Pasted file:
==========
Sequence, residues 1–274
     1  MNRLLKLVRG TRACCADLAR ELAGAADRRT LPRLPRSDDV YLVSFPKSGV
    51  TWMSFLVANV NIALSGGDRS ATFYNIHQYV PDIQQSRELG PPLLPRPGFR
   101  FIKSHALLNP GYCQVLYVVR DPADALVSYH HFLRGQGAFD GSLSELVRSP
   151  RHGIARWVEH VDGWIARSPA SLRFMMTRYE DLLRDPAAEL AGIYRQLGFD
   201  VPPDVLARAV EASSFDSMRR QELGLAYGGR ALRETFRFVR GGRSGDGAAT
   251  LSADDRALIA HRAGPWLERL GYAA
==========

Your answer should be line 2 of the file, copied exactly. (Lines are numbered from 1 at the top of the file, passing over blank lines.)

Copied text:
     1  MNRLLKLVRG TRACCADLAR ELAGAADRRT LPRLPRSDDV YLVSFPKSGV